|Publisher:||Oxford University Press, USA|
socio-economic groups, and in different locations, are important indicators of changes in economic growth and economic development, levels of economic inequality, and economic opportunities for individuals. The book covers a broad geographic range: Africa, Latin and North America, Asia, and Europe.
Its temporal scope ranges from the late Iron Age to the present. Taking advantage of recent improvements in data and economic methods, the book also explores how humans' biological conditions influence and are influenced by their economic circumstances, including poverty. Among the issues addressed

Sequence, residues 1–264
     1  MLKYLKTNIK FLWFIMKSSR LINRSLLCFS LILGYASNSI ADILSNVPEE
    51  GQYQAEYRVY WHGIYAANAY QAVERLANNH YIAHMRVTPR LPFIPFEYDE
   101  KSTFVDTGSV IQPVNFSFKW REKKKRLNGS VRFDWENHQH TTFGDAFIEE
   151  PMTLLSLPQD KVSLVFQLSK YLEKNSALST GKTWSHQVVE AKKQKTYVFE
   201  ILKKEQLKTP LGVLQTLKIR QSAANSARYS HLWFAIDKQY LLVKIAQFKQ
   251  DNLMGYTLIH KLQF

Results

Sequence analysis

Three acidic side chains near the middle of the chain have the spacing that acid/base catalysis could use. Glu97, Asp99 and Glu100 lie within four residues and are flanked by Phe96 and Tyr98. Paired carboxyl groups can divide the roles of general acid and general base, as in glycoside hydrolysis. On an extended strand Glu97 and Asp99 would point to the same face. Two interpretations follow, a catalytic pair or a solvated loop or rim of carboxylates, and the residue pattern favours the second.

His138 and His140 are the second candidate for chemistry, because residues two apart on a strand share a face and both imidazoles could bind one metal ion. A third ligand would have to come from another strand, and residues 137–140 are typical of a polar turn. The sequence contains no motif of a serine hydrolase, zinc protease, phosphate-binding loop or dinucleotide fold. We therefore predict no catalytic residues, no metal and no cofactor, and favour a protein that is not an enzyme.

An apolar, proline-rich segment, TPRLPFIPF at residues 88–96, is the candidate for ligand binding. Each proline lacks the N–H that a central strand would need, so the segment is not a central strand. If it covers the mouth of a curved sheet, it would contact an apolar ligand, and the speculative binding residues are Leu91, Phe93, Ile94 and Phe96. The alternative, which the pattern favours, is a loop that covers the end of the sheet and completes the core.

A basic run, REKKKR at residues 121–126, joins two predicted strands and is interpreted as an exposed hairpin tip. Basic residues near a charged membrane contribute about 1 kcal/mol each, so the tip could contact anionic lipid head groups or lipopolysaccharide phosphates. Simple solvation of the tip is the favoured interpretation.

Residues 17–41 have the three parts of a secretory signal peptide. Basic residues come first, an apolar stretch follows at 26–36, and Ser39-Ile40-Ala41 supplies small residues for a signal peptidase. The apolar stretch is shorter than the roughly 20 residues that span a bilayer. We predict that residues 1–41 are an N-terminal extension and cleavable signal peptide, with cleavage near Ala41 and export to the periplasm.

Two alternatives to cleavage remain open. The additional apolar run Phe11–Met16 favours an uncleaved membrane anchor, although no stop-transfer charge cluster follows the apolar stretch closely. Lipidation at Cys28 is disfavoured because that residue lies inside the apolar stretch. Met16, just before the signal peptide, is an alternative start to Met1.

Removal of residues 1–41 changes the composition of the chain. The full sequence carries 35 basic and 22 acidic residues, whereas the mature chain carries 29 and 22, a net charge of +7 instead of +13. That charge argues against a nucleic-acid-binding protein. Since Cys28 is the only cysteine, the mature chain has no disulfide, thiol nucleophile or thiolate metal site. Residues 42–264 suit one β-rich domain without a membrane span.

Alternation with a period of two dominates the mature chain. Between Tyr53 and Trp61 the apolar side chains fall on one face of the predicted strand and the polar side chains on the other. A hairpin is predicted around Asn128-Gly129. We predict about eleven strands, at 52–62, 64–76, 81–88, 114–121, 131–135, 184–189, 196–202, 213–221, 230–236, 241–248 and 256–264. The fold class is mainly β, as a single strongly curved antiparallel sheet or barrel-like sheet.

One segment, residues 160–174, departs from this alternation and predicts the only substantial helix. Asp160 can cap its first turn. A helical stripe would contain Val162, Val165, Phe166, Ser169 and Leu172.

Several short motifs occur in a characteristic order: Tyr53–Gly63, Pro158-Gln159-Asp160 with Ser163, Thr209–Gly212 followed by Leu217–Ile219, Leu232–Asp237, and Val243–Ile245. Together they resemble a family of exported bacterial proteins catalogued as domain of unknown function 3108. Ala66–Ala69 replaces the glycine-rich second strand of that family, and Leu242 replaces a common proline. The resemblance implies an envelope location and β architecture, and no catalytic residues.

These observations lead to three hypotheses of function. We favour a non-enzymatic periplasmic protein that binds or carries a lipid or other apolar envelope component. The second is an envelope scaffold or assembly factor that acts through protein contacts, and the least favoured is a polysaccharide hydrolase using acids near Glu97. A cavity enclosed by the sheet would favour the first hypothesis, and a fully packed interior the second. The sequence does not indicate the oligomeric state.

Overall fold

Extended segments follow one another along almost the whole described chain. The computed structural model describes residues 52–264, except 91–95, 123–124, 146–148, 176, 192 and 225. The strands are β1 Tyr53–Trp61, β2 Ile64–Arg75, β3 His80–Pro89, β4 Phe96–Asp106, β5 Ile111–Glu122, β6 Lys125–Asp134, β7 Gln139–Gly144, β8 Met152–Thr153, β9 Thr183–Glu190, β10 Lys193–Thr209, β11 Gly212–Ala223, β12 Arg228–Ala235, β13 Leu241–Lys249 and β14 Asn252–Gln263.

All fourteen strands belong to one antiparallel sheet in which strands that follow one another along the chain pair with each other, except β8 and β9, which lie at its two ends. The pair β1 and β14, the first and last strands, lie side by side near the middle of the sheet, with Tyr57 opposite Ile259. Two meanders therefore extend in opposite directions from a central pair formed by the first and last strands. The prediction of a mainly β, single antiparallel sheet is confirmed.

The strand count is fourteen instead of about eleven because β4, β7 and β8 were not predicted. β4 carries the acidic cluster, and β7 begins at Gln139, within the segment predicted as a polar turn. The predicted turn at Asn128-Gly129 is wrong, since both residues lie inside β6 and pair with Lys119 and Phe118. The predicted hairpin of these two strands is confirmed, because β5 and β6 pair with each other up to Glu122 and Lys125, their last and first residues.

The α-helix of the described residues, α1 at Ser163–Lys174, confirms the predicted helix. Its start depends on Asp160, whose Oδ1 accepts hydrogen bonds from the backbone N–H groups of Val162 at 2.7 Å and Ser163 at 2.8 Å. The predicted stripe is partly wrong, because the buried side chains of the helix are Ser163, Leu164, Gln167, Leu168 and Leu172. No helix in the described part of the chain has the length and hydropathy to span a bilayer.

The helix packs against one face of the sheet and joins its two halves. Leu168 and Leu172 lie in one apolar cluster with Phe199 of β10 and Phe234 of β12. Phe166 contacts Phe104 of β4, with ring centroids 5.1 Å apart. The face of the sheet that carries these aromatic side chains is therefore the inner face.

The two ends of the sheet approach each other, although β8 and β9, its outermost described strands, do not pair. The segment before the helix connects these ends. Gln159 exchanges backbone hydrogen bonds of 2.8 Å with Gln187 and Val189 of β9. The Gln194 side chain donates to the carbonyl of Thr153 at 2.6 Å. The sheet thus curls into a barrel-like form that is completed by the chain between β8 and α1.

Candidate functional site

are how height, body mass index (BMI), and obesity can affect and are affected by productivity, wages, and wealth. How family environment affects health and well-being is examined, as is the importance of both pre-birth and early childhood conditions for subsequent economic outcomes. Reflecting this
dynamic and expanding area of research, the volume shows that well-being is a salient aspect of economics, and the new toolkit of evidence from biological living standards enhances understanding of industrialization, commercialization, income distribution, the organization of health care, social
status, and the redistributive state affect such human attributes as physical stature, weight, and the obesity epidemic in historical and contemporary populations.